Rethinking social responsibilityChey Tae-won, chairman of SK Group, expounded on the need for a greater corporate role in addressing social problems in the first Global Engagement & Empowerment Forum on Sustainable Development held in Seoul last week. “Companies can contribute to solving poverty, inequality and pollution, all which threaten the lives of mankind,” he said.
The emphasis on corporate social responsibility from the chief of the country’s third-largest conglomerate should send a resonant message to the Korean corporate community, which recently has been too focused on growth to care about society. Chey proposed scaling up social contributions by corporations to 3 percent against the gross domestic product from the current paltry share of 0.25 percent over the next decade.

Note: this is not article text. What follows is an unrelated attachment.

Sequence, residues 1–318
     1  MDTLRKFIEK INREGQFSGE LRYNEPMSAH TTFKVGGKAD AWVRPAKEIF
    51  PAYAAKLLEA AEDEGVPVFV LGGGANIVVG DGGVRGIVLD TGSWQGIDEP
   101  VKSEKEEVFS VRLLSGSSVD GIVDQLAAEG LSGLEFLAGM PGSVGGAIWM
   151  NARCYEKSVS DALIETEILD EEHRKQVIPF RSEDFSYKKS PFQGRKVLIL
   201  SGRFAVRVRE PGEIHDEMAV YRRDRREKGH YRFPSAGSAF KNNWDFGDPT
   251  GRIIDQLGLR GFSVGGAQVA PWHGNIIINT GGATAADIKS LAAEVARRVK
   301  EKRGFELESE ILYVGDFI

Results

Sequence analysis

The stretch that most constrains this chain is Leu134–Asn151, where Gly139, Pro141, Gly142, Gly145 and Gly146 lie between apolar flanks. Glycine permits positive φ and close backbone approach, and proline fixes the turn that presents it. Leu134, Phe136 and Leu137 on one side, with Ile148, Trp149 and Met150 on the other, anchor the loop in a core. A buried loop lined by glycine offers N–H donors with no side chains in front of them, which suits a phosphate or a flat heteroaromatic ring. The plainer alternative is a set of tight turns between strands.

For-profit companies no longer can last. “It has become essential for companies to pursue both financial and social values to sustain business,” Chey said. Younger generations at home and abroad are more sensitive about environmental and social problems than those who came before them.
According to a study by Cone Communications, a U.S. public relations and marketing agency, 94 percent of those in Generation Z (born from 1995 to 2005) think that companies must get involved in social and environmental issues, and 89 percent said that they would use the products and services of such companies.
SK cannot contribute and make changes by themselves, Chey said, urging other Korean peers to join in the campaign of doing their part for the greater good of the society.
JoongAng Ilbo, Feb. 9, Page 34